Those of a certain age may remember the original editions of the young teen series such as The Hardy Boys, Tom Swift, Nancy Drew, The Dana Girls, Rick Brant, Ken Holt, etc. They were all action-adventure stories geared for ages 10-13 (the heroes of the books were in their late teens) and each book in each series ran well over 200 pages. Since the early 1970s, the series still around have been updated and condensed to conform to the rapid pace of today and reduced attention spans of modern readers.

I mention that because in the original series more attention was paid to minor details that didn’t move the story along but still made for interesting reading. When the heroes sat down for meals, exactly what they ate and how good the food tasted were detailed. In some series, when the heroes raced around chasing the bad guys in recognizable cities, attention was paid to real street names and sites along those streets (especially when the adventures were in New York City or Washington, D.C.).

There was also some instruction along the way. Here, for example, is some dialogue in a book called Sea Gold, in the Rick Brant series, published in 1947. In this story, our heroes are involved with a secret seawater research facility along the Atlantic Ocean. The bad guys are trying to destroy the plant first with sabotage, then hand grenades. The town folks are marching on the plant armed with baseball bats because they think the good guys who run the plant are poisoning the ocean with their sea water-based research (not so, by the way; the bad guys did the poisoning and blamed it on the plant owners).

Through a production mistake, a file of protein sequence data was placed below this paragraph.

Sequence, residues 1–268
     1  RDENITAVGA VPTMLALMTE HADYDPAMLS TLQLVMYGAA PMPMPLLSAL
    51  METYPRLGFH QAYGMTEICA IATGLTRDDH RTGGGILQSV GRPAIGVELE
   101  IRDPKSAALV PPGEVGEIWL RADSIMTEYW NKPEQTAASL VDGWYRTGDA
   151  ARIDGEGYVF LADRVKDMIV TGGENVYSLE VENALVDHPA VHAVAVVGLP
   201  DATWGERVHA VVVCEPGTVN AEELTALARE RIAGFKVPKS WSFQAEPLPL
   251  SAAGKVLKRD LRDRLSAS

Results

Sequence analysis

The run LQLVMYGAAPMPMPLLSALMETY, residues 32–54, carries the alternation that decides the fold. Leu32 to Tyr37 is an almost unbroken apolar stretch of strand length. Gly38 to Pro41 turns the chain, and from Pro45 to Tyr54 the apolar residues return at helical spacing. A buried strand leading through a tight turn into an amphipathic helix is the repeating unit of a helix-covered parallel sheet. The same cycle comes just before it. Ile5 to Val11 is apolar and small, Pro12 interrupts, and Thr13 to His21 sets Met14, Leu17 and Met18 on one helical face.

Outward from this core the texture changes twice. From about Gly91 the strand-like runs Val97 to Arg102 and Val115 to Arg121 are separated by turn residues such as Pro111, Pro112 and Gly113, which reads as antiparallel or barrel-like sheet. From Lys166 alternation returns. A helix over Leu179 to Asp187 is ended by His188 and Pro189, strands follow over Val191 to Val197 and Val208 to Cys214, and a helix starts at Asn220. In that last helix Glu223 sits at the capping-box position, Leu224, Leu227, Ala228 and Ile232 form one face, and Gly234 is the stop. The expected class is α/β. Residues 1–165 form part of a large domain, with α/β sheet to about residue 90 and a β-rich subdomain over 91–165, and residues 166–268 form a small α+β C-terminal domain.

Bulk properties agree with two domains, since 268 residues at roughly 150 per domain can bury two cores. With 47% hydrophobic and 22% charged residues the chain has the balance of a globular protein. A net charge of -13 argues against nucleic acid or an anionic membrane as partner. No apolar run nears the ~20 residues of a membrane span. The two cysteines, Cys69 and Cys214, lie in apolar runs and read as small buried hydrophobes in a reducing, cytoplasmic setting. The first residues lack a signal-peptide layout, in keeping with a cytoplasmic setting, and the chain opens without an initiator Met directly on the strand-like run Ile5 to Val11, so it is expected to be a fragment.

“How did they find out the oyster beds were poisoned?” Scotty demanded. “There’s no ‘r’ in June. Oysters aren’t in season.”

“That business of oysters not being in season when there’s no ‘r’ in the month doesn’t mean anything on the coast,” Rick said. “People around here eat oysters any time. Anyway, the only reason that stuff was started about not eating oysters during the summer months was because they spoiled in the heat. We have refrigeration nowadays.”

There’s some education for you. With hand grenades going off and an angry mob on the way, we have an urban legend (oysters only in ‘r’ months) shot down, and we get a plug for refrigeration. Oh, and running through the book is the point that the good guy’s plant is not an environmental hazard by any means — an example of some early green thinking.

Too bad today’s young teens seem more caught up in books of fantasy (Twilight, Harry Potter) than those that give blatant pitches for refrigeration.

Publication date: 11/26/2012